A few years ago, I was offered opportunity to travel with a group into
Yellowstone National Park during the January thaw. Snow is way out of my
comfort zone. This was crazy. There’s a reason I live in the Deep South. But I
thought about it and realized that for me, this might be a once in a lifetime trip.
Stepping into an eco-system that is totally foreign to you is a good way to open
your eyes to a bigger world. It’s also a good way to get into trouble.
Taking this photo is the first thing that got me in trouble. Snow masking
bulls swing their heads from side to side in the deep snow to clear away patches
snow to get to something edible, and the whole herd benefits. I was fascinated by
this behavior, sneaking closer to try for a better angle for the picture. This bull was
annoyed by my presence – that raised tail is a good indicator I later found out.
Even though he had plowed up a snowbank between us, I learned how much faster
a hungry beast can move than a human and later got a sharp lecture from a park
guide. I was chagrined, to say the least. There are good reasons why the park
stresses keeping your distance from the animals.
In winter, some of the Park’s permanent residents take advantage of packed
and plowed roads. Elk and bison use them, and the bison walk contentedly
alongside slow-moving tour buses, everyone keeping to their own lane.
We never saw the wolves on this trip, although their tracks were evident from time to time.
Most frequently we saw coyotes watching us, curious and discreet, and then
quickly blending into the background if we took too much notice. One came up
from a field and chased our van like a suburban puppy, then scrambled uphill to
watch us as we went on our way. This was one who was different, obviously
having business elsewhere and barely giving us a glance as he trotted by us,
disappearing into the mists by the Firehole River.
Later, on the boardwalk at the Fountain Paint Pots, I looked down into the
blue, blue, 202-degree water, and from a distance watched the mouth of the
unpredictable Fountain Geyser as it got ready to blow. (See, I was learning that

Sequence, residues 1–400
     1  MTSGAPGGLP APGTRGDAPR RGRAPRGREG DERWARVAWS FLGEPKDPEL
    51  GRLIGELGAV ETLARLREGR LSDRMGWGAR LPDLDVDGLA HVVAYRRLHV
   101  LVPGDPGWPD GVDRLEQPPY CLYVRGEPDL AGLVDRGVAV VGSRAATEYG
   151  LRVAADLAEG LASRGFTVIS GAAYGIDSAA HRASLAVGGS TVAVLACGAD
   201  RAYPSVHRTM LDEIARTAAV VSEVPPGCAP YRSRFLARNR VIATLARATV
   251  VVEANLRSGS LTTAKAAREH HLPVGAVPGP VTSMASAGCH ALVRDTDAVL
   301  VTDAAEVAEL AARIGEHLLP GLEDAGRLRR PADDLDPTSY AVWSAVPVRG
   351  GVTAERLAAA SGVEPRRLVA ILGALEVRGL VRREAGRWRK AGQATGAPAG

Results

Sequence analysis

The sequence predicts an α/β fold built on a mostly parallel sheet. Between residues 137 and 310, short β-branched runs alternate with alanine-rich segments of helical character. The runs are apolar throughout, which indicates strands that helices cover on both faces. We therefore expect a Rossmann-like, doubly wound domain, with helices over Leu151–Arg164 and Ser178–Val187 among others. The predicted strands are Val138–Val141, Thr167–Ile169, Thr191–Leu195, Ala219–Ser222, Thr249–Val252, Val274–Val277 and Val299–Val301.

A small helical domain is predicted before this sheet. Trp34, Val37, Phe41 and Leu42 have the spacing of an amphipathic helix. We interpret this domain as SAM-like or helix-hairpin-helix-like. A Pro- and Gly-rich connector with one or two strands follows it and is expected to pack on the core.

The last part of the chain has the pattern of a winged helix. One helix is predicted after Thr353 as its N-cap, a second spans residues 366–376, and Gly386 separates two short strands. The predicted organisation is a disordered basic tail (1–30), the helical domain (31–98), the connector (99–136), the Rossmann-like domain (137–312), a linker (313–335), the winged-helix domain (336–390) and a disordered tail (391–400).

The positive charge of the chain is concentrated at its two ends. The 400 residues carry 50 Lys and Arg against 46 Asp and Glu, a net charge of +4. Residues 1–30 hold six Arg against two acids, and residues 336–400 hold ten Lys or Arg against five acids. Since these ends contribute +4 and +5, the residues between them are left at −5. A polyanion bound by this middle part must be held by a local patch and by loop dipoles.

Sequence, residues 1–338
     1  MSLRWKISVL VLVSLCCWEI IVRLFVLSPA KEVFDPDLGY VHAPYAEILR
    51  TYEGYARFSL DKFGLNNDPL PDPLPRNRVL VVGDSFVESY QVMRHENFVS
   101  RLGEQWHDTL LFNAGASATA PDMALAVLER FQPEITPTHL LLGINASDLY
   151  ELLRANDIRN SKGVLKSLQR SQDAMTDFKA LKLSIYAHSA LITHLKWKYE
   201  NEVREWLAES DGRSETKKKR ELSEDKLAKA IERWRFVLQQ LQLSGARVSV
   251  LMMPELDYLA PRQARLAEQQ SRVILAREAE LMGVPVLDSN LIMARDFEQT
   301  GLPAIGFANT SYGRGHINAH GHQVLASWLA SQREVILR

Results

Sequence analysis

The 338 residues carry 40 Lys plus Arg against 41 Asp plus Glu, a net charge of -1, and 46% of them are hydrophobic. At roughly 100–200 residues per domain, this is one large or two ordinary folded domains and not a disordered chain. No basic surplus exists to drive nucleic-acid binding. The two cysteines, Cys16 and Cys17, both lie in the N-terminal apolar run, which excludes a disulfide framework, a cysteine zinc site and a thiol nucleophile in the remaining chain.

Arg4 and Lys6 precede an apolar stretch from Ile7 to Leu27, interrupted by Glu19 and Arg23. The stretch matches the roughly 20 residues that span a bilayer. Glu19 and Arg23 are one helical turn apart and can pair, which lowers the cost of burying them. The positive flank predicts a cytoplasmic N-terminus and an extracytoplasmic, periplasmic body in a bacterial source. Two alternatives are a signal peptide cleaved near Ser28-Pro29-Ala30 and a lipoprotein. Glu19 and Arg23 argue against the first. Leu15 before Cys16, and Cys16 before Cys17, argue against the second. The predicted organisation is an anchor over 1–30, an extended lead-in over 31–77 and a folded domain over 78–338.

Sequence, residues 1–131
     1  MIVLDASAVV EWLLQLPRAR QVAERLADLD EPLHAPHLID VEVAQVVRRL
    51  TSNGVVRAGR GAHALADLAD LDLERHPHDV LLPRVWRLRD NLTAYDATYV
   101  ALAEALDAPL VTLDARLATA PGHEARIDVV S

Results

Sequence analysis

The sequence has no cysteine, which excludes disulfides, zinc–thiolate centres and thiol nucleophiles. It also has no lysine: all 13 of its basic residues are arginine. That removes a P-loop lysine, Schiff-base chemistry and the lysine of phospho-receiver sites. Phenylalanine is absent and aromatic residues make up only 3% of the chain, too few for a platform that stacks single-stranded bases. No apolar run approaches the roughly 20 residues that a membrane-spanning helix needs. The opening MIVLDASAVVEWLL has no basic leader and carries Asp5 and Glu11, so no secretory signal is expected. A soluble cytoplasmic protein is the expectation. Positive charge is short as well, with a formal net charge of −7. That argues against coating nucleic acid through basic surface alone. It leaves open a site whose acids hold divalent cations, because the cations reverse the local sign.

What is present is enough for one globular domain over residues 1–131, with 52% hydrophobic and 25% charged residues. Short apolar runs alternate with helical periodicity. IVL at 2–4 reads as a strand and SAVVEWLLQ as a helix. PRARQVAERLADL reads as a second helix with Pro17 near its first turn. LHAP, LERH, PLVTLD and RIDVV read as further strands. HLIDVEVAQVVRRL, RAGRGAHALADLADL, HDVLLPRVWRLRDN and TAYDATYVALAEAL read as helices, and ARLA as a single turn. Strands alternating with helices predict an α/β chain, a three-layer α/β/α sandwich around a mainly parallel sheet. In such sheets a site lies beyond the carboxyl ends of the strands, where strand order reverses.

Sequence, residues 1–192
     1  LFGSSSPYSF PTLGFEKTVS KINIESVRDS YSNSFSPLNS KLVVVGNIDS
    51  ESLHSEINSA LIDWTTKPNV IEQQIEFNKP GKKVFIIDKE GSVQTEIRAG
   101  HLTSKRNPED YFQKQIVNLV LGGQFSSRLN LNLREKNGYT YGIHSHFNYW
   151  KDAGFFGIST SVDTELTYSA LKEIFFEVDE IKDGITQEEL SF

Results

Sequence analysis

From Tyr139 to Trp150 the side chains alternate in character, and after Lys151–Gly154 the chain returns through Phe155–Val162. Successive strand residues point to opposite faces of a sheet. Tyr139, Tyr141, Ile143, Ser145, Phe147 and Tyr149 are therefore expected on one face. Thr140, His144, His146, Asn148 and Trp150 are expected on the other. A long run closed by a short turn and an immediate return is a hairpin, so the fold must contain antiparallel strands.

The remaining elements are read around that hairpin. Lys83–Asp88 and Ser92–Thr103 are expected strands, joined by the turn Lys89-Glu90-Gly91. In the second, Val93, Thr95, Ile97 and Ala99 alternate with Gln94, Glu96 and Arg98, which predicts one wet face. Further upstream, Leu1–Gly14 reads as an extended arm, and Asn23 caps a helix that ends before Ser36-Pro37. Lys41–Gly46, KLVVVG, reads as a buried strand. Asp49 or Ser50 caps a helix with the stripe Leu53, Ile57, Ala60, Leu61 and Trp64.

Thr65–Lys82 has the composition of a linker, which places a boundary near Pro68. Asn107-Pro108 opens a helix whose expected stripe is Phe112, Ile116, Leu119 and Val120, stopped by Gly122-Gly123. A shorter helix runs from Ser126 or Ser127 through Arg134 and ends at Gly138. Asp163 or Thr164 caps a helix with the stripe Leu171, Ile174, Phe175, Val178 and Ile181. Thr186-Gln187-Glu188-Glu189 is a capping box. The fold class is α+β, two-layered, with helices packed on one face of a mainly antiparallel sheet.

thing about keeping to recommended distances.) One thing I heard caught my
attention as I stood there watching this miracle. Behind me, someone was saying
“I wonder if the volcano activity is increasing this year?” Wait – What? Nobody
told me I was going to be standing on top of a volcano. My perception was
suddenly changed from tourist to concerned citizen. And then I started doing my
After a couple of sleepless nights, pondering what could happen if
Yellowstone’s sleeping giant woke up, I was feeling small and insignificant. It’s
one thing to know intellectually some idea of the vastness of the forces of nature.
It is another thing to internalize that into a life view.
Even with a determination not to anthropomorphize their beauty, it was
impossible not to feel a measure of peace, watching the trumpeter swans foraging
in the January thaw. Particularly sensitive to human disturbance, the huge birds
fought their way back from the brink of extinction in the 1800s and are slowly
spreading into their original territory. Faithful and patient, long lived and mated
for life, they seem to embody traits that most of us find admirable. It’s easy to see
how swans have become a symbol for lovers. I was fortunate to be able to watch
this pair for just a little while, keeping my distance.
On our last day, standing at an overlook, I remember feeling a moment of
intense cold, and understanding. Looking out across the river valley, we could see
an incoming storm, a defined entity, visible and moving in our direction. We
watched as entire waterfall drowned in snow. Time to get moving! I had a lot of
facts in my head about the environment, climate change, and all the eco-arguments
floating in the media. None of them became part of my reality until winter in
Yellowstone grounded me the beginnings of respect.
K. L. Johnston is an author and photographer whose favorite subjects are whimsical, environmental and /or philosophical. She first published at the age of sixteen and her recent work has appeared in journals and galleries ranging from Burningword to Still Points Art Quarterly. Her other interests include horticulture and historiography. Her guilty pleasure is reading urban fantasy novels.